HD: Writing fiction has become my priority, but in many ways, journalism feeds my fiction. My mantra has been that I'm willing to do pretty much anything for a good story. One magazine actually paid me to learn to scuba dive and then explore shipwrecks in the St. Lawrence river. That kind of assignment is incredible. Travel writing has let me visit places that intrigue me, from Istanbul to Easter Island, and I use those locations in some of my fiction. If I can continue to learn and explore through journalism, I'll keep working on it, too.

BTAP: I see you started a Gluten-Free Guidebook website. Can you tell us a little about that?

HD: In 2004, I was diagnosed with a genetic disorder called celiac disease. The only treatment for it is to stay on a completely gluten-free diet. That means no bread or pasta, of course, but also no soy sauce, no beer... no to many processed foods. The upside was that I was suddenly free of some painful health problems. The downside was that it seemed like I'd never eat out again. I didn't want to live like that, so I spent a lot of time researching restaurants and finding ones that could accommodate me. It hit me when I was in Peru in 2007 that I was doing so much research, and yet I was the only person benefiting from it. I started the Gluten-Free Guidebook website after that so I could share the places I've found. The response has been amazing. People from all over the world come to the site, and some of them send me tips or write up entire reports about the places where they live. The site has really taken on a life of its own.

BTAP: I noticed you moved from Toronto to New York in October 2001, right after 9/11. Did this have an impact on your writing?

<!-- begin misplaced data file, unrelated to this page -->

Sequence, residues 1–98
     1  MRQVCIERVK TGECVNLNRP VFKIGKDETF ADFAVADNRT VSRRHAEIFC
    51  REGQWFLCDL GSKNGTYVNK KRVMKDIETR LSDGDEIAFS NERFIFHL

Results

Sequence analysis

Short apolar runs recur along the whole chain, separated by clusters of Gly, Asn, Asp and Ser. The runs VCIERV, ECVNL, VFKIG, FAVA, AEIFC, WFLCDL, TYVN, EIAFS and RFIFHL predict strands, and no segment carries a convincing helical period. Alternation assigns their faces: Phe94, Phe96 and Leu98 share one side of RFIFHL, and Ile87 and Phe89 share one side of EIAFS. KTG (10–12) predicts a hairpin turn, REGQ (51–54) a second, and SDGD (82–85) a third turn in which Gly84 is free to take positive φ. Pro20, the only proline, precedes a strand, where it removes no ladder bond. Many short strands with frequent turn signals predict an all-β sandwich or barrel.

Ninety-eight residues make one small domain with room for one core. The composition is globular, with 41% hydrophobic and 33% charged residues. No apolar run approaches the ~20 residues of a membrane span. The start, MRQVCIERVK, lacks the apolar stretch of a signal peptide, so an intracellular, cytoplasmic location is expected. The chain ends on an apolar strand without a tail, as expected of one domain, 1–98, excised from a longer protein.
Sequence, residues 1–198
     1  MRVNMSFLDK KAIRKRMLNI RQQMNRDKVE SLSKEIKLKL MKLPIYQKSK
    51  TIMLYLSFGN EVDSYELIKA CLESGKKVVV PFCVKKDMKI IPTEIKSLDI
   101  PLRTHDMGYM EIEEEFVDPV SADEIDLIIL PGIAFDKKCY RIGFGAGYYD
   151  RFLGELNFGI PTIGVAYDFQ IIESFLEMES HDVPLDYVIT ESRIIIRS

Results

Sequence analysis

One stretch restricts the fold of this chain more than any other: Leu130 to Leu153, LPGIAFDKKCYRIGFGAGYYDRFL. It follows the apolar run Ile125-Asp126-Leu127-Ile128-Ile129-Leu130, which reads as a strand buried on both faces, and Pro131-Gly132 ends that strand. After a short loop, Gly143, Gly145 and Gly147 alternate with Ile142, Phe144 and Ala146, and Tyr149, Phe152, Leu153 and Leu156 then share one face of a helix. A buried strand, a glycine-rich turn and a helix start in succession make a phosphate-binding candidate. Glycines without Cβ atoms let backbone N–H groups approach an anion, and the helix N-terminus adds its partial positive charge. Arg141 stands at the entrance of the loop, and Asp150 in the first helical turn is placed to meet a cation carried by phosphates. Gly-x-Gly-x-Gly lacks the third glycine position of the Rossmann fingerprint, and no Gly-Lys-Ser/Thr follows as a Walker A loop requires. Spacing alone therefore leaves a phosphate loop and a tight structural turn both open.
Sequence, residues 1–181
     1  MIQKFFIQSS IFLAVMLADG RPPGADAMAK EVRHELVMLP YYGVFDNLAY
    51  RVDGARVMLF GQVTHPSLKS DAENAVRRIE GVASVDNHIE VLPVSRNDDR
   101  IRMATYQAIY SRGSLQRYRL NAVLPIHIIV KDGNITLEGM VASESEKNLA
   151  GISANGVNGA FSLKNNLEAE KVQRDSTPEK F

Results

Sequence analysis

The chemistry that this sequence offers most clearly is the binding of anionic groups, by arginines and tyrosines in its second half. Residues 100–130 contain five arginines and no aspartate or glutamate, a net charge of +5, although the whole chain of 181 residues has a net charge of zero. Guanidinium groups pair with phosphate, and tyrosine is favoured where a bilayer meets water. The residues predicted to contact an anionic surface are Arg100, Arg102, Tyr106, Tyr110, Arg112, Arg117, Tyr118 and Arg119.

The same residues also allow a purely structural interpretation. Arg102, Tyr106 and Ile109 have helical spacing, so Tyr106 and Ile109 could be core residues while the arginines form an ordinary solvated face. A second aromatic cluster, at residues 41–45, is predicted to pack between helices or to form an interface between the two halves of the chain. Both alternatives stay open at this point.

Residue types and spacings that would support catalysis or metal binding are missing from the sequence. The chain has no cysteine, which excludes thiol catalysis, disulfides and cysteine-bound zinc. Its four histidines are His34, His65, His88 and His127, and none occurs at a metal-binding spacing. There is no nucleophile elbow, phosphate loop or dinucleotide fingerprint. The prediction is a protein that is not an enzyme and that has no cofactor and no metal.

HD: The timing was accidental. I'd applied for a Green Card and it came through in August 2001. I gave notice on my apartment in Toronto and hired a moving company, then went to a travel writers' conference in Bermuda. I was supposed to come back to Toronto and start packing on September 12th, but ended up grounded in Bermuda in the aftermath of 9/11. While I was there, I thought about canceling, or at least delaying, my plans to move. But by the time planes were flying again, I was feeling angry and defiant, and I made the move in October the way I'd originally planned.

There are some images from my first year in New York that will stay with me forever. My apartment is a few blocks from the 69th Regiment Armory, which was plastered with posters of people who died in the attack. It was a depressing time to be in New York in so many ways, but being there meant that I got to watch the city rebound. It also gave me a different sense of the city, as if it were a living, breathing organism. One of the comments that I've heard over and over about The Damage Done is that the portrayal of New York is incredibly vivid. A lot of the exploring that I did started in the days after 9/11, when visitors avoided the city and below 14th Street was a no-drive zone. In a way, it was such a privilege to be in New York at that time. But I hope never to see it like that again.

BTAP: Thanks, Hilary, and best of success with The Damage Done.

If you have an Insatiable appetite for crime fiction, then you won’t want to miss Hilary Davidson’s riveting tale over at BEAT to a PULP.